Payne, Ernest A. The Fellowship of Believers: Baptist Thought and Practice Yesterday and Today. London: Carey Kingsgate Press, 1952.

Rainbow, Jonathan H. “‘Confessor Baptism’, The Baptismal Doctrine of the Early Anabaptists.” In Believer’s Baptism: Sign of the New Covenant in Christ, edited by Thomas R. Schreiner and Shawn D. Wright. Nashville: B&H Academic, 2006. Pp. 189-206.

Schaff, Philip. “The Anabaptists and Mennonites.” In The Creeds of Christendom, edited by Philip Schaff, Vol. 1. 1931. Reprint, Grand Rapids: Baker, 2007. Pp. 840-844.

Smyth, John. “The Confession of Faith Published in Certain Conclusions by the Remainders of Mr. Smyth’s Company after his death.” In Baptist Confessions of Faith, edited by William Joseph McGlothlin. Reprint, Philadelphia: American Baptist Publication Society, 1911; Memphis, TN: General Books, LLC, 2012. Pp. 21-27.

Strong, Augustus Hopkins. Systematic Theology. 1907. Reprint, Old Tappan, NJ: Fleming H. Revell Co., 1976.

“The Thirty-Nine Articles of the Church of England.” In The Creeds of Christendom, edited by Philip Schaff, Vol. 3. 1931. Reprint, Grand Rapids: Baker, 2007. Pp. 486-516.

Vedder, Henry C. A Short History of the Baptists. Philadelphia: American Baptist Publication Society, 1891.

Westminster Confession of Faith. http://www.reformed.org.

Whitley, W.T. A History of British Baptists. London: Charles Griffin & Company, 1923.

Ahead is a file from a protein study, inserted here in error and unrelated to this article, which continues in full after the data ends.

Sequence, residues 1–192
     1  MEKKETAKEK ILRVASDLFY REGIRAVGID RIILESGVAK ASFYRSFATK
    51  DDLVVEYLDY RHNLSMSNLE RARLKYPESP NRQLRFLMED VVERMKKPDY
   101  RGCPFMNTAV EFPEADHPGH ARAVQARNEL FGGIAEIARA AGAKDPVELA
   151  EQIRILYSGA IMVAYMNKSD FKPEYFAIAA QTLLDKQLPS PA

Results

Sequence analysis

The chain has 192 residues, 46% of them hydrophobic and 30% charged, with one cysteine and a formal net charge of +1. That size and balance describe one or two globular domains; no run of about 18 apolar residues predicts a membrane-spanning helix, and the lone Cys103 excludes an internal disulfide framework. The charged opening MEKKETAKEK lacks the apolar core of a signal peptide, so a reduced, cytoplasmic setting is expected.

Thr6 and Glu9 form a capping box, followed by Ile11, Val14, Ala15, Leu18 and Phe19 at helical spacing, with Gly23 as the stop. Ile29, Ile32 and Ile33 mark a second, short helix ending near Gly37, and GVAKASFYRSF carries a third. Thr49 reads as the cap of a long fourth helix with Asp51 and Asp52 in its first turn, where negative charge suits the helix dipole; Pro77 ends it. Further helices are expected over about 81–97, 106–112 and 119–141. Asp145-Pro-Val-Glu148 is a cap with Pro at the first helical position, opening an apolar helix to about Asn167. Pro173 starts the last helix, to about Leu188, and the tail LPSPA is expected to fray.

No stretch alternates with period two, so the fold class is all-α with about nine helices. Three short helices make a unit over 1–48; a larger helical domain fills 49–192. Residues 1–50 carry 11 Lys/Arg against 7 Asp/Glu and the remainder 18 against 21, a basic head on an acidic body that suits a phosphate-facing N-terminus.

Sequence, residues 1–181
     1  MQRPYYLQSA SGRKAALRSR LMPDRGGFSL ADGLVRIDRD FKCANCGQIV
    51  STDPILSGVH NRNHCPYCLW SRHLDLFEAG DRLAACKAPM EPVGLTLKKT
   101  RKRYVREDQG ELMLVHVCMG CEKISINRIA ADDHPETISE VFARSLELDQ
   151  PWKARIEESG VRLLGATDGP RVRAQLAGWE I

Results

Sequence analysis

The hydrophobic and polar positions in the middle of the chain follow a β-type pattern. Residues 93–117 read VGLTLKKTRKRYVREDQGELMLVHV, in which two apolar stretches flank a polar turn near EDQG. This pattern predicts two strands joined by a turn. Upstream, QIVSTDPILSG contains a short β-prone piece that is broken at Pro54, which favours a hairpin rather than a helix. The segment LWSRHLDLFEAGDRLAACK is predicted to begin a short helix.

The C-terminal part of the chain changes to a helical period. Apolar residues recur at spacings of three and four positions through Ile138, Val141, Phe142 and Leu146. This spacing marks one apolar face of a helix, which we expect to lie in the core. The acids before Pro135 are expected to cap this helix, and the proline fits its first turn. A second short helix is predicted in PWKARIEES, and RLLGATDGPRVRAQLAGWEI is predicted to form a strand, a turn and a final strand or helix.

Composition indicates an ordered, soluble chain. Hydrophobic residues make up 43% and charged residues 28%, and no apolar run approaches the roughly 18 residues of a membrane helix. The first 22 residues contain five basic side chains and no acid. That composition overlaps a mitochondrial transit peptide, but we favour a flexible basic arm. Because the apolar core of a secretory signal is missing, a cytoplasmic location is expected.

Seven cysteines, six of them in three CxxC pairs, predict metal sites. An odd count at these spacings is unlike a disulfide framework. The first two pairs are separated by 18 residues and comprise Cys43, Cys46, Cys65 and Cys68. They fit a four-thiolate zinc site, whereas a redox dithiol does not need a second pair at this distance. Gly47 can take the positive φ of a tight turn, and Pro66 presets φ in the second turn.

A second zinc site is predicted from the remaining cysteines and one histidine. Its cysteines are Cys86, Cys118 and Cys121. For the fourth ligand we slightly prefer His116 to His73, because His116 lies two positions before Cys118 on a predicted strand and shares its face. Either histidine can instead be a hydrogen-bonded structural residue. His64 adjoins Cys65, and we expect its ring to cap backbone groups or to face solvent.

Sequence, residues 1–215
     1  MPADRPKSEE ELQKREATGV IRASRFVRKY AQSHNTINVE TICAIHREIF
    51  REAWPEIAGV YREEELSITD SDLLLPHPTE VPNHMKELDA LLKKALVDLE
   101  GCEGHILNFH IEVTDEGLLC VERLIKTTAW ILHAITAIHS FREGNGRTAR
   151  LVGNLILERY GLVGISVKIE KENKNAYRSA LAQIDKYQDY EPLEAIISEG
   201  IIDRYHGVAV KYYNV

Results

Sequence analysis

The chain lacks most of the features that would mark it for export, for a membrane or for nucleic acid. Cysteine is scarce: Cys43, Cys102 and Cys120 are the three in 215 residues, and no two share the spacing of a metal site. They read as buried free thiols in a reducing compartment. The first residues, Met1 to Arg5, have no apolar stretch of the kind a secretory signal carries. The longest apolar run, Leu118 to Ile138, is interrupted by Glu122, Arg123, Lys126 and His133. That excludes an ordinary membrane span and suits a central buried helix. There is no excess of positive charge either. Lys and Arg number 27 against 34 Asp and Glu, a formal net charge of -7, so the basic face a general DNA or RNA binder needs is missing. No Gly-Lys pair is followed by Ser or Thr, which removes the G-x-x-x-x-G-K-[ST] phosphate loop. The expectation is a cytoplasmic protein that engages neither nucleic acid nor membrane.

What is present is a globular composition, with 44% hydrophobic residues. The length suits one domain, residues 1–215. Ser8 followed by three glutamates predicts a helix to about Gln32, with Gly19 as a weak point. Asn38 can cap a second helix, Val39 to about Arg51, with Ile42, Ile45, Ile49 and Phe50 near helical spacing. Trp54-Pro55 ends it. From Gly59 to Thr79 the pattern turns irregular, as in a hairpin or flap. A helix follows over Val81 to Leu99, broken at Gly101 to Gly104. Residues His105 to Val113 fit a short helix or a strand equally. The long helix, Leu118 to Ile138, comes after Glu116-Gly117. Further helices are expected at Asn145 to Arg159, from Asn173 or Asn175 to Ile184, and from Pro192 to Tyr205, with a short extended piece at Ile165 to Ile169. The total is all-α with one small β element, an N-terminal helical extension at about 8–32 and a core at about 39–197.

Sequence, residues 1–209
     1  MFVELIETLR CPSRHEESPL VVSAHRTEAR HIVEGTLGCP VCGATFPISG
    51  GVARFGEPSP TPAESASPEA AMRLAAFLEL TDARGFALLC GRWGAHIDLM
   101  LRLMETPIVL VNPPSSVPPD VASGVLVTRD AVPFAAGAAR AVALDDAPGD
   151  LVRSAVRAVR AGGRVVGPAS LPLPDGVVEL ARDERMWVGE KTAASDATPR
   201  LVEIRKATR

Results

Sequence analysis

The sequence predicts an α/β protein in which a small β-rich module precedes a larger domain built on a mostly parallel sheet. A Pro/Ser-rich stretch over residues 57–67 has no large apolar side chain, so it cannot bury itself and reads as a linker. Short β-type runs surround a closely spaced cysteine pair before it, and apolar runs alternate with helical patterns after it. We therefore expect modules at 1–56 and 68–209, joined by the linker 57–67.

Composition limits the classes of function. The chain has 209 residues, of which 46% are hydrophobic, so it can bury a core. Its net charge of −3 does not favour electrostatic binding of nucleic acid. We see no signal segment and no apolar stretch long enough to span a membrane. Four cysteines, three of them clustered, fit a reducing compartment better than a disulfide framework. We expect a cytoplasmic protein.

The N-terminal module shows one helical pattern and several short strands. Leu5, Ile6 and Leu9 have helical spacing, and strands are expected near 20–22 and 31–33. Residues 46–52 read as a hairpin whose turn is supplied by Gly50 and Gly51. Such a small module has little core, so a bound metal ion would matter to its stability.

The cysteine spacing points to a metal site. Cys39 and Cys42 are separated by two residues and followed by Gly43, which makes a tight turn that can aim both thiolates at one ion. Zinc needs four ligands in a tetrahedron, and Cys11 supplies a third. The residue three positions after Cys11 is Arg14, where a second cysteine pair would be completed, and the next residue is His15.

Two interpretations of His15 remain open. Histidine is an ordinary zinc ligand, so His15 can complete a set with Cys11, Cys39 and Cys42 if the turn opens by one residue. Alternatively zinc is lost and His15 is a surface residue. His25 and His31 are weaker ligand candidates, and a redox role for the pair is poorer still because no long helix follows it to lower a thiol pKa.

Finney goes Viral and We All Get Sick

My final paper for my seminary course ending this month (Theology in the Modern Era). Enjoy, comment, pass on with proper credit given.

Grace to y’all



Not a fan.

Not a fan.

The Passing Down of Charles Finney’s Spiritual DNA

            Charles Grandison Finney stands among the most influential Christian leaders since the Reformation. He pushed hard throughout his career against all he perceived to be stultified, spending terrific energy on social justice problems and prodding the sleepy American church culture with a ministry of Revivalism.[1] The fires of revival that he lit burned with hot emotion, as per his philosophy: “unless the religious feelings are awakened and kept excited, counter worldly feeling and excitement will prevail, and men will not obey God.”[2]

Although ordained a Presbyterian minister claiming some level of concord with the Westminster Confession of Faith, Finney worked from a different set of practical theological assumptions in ministry.[3] A lawyer by training, Finney relied on rationalistic deductions in forming what he believed and practiced.[4] He always had his eye on results, and had little patience for the “sophistry of seminary-educated Calvinists” [5] who waited around for God to do a miracle of revival.[6] In crafting a rationalistic, pragmatic ministry, Finney left behind the anthropology and soteriology of the Reformation, as well as its ecclesiology.[7]